I have to state that I have not been an active volunteer at Didcot since the early 90's but I do keep upto date via their newsletters etc and the costs quoted for any kind of mainline activity are pretty horendous. Bear in mind also that even moving stock around by road will still incure significant rail inspection and access charges just to get stock across from the Didcot Railway Centre to the west yard for road access and loading/unloading.

    I am also aware that one of the GWS objectives is and has always been the collection and hence any chance to fill in the gaps in the collection by recreating/converting locos are working towards that objective. You may or may not agree with this but they are being true to their stated objectives.

    If you want to ride for miles behind steam locos, then Didcot will dissappoint you, but if you want to see locomotives from the linceside passing every few minutes (rather than every half hour at longer railways), then you will certainly enjoy Didcot. Each to their own. As for it not being a working shed, what is the difference between locos being steamed on shed for short trips on a demonstration line and longer trips over several miles? There are few places that have the original large loco shed and coaling stage etc.
     
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  8. Mr Valentine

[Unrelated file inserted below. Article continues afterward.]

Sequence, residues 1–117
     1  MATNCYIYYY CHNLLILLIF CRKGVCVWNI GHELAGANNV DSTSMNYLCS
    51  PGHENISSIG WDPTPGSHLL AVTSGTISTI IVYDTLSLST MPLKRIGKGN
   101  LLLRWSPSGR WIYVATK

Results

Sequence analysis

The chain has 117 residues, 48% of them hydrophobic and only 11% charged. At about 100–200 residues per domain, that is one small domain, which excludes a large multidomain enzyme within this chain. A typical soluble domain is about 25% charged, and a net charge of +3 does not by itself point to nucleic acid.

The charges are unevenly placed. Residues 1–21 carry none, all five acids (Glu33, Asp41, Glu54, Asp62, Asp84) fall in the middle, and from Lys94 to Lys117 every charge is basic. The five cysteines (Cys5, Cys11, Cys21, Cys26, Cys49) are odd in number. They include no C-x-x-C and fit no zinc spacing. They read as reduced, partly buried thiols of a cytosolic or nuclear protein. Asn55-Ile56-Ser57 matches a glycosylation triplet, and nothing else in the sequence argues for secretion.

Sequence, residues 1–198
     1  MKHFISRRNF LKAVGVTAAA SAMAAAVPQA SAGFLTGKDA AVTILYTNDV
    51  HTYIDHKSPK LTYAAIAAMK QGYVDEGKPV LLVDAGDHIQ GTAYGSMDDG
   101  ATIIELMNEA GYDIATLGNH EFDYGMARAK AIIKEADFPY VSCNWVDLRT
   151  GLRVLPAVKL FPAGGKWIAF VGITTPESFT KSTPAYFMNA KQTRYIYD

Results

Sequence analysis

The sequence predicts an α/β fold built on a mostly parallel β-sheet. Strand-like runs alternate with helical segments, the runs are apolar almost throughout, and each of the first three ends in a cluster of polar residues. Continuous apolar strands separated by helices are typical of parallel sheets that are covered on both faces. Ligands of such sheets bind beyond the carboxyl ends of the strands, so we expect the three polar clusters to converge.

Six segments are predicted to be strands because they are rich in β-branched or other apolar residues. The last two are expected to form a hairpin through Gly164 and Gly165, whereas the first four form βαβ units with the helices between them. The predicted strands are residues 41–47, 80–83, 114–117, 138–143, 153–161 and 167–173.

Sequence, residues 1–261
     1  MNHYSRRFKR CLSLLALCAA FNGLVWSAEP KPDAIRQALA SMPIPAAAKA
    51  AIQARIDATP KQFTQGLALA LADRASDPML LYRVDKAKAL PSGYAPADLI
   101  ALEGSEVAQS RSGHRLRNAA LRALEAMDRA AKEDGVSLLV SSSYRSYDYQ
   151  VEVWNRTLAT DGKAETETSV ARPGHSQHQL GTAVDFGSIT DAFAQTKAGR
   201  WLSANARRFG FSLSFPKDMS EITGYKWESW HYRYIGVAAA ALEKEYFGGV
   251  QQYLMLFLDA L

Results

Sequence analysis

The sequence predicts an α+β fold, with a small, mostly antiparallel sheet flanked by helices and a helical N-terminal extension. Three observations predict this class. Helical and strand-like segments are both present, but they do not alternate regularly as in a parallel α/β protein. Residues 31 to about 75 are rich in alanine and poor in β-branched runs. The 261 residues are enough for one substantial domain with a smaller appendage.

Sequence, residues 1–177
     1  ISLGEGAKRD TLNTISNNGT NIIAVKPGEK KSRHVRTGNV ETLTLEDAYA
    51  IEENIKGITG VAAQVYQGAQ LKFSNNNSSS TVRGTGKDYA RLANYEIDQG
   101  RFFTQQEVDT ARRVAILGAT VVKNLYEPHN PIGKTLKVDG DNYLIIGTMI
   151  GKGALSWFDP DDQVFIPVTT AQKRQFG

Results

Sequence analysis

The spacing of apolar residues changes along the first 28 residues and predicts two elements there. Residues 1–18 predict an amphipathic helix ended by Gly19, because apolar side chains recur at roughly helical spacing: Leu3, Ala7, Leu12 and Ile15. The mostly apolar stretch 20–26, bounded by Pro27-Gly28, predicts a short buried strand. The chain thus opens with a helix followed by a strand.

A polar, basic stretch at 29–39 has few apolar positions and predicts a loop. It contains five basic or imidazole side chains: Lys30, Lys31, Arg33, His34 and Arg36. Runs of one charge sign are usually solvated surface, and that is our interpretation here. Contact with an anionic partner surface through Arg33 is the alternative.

Mr Valentine Member

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    What I was trying to infer, is that the GWS has some pretty big gaps in its collection, and if it felt a need to spend large sums of money filling those gaps, then surely creating something which is completely absent, such as an 0-6-0, or 2-4-0, would be at least as 'necessary' as creating a variation of something they already have. (Usual caveat of people spending money on what they want etc. I should also point out that they have a spare boiler for an 0-6-0, so it wouldn't cost £2m.)

    It's a bit like having a museum of RAF Battle of Britain aircraft, where there's a Mk 1b, 2a, and 2b Spitfire, and an appeal is launched to build a Mk 1a Spit, whilst all the time there isn't a Hurricane. Of course the initial production Spit is important, no-one can deny that, but given the context of the whole museum, which gap is more important? We will obviously just have to agree to disagree. I do think you raise the important question of what the purpose of the GWS is, i.e. the significance of the Saint both in and outside the collection, and how that should impact on its decisions.

    My source for the cost is the GWS accounts 1995-2017 (I was a bit cheeky and adjusted each year for inflation!)